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Why New Daedalus?

Daedalus was the mythical great architect and artificer of the classical world. Today, embedded intelligence is enabling the most profound changes in the way we create and use buildings since his day.

Building Intelligence meets the Intelligent Building. The Intelligent Building negotiates with the Intelligent Grid. How will this transform how we interact with the physical world?

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« Fractal Energy: Galvin Perfect Power Updated | Paths to Transactive Energy »
Wednesday
Jun072017

Independence of Services provided by Transactive Energy Nodes

This post is part of the continuing Paths to Transactive Energy series. You can find them all listed by clicking on the matching metatag at the bottom of each post.

Grid operators cannot know the purpose of each system attached to the grid. On a college campus, very similar sets of components: fans, ducts, temperature sensors, could provide environmental conditioning for a classroom whose windows can be opened, for office space, or for document archive which requires constant temperature and humidity.  The most important attribute of animal quarters might be constant high-volume ventilation, while for a biohazard lab it might be maintaining a negative air pressure in the room. Humidity and temperature changes might make a basketball court slippery, and environmental management is focused on making sure that the All-American is not injured before the NCAA tournament.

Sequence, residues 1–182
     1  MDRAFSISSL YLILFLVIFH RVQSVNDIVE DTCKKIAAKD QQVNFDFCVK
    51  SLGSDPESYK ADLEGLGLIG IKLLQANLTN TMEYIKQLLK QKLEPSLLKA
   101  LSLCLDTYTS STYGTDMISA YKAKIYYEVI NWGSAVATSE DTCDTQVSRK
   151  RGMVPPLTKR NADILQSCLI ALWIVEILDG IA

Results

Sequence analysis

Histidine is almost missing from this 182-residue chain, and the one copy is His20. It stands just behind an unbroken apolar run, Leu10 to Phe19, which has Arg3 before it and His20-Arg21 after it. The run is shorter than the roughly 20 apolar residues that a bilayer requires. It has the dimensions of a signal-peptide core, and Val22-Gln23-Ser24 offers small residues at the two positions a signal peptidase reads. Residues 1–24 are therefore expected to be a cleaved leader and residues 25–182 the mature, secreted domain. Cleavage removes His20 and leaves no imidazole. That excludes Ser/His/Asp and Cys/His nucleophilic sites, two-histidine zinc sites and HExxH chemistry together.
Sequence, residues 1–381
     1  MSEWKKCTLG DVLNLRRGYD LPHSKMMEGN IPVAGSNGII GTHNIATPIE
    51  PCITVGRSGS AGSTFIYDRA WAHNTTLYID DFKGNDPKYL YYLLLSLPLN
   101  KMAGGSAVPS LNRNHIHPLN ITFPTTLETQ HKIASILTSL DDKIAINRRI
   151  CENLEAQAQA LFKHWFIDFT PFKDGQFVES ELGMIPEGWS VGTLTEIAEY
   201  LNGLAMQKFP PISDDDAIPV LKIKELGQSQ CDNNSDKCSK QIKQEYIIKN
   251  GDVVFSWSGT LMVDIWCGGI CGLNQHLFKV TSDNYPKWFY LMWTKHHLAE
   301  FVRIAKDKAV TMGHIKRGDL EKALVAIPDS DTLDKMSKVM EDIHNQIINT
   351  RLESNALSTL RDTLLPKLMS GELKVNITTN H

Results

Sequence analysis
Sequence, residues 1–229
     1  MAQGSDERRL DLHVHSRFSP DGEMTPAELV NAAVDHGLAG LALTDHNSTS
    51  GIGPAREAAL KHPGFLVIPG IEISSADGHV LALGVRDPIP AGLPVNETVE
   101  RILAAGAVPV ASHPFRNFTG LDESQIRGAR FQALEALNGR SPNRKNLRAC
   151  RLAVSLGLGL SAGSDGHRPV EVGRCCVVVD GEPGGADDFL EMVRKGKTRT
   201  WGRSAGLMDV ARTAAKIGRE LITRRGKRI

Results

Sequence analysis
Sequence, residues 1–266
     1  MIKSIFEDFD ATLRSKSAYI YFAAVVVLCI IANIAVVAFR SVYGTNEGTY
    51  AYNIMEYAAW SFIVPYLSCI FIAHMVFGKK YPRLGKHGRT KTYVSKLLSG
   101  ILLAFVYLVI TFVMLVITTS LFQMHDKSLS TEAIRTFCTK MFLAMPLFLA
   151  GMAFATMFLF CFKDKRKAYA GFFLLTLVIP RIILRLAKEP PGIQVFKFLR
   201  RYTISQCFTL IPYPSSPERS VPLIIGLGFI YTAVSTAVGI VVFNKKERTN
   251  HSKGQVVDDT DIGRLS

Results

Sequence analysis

Direct control for demand response requires that all parties know these issues and agree on their import. A central operator cannot know this.

If we look at pure DER, we will see more hybrid systems in the future. Solar will be paired with power storage. Power storage will be hybrid systems blending fast response and slow draw technologies. The best chemical battery systems are starting to come with internal intelligence to extend battery life. Power flows are optimized over time to manage dendrite growth, or to recondition one cell among many. Unless the grid operator understands the intelligence imbued within the storage system, then they can damage expensive assets by interrupting these processes in mid cycle.

Some of the earliest DR was based on refrigeration management. The purpose of such a system may be for food safety during shipping and storage. Such a system may be able to time shift chilling, or even skip a cycle without harm. After repeated shifts within a short period, the next cooling cycle becomes more critical to maintain biological safety of food, or the integrity if a chemical or pharmaceutical manufacturing process. As we look to more complex systems in the future, this tension between local purpose and remote direct control strengthens.

As we scale down, we might get to the refrigerator in the home. The ice-maker is a pre-consumption agent, which could time-shift ice production to the cheapest prices on the power market internal to the facility. On the other hand, as we get closer to the planned weekend party, the goal of a full ice bin may become more important…

Many early adopters of behind-the-meter power storage are concerned first about reliability. Their facilities may be able to perform a mix of pre-consumption, DR cycle skipping, internal generation, and battery storage management. By intelligent internal management, such a facility may be able to act as a DERA—but be completely unwilling to turn over direct monitoring and control.

Power use in a facility should always be driven by the local or personal needs

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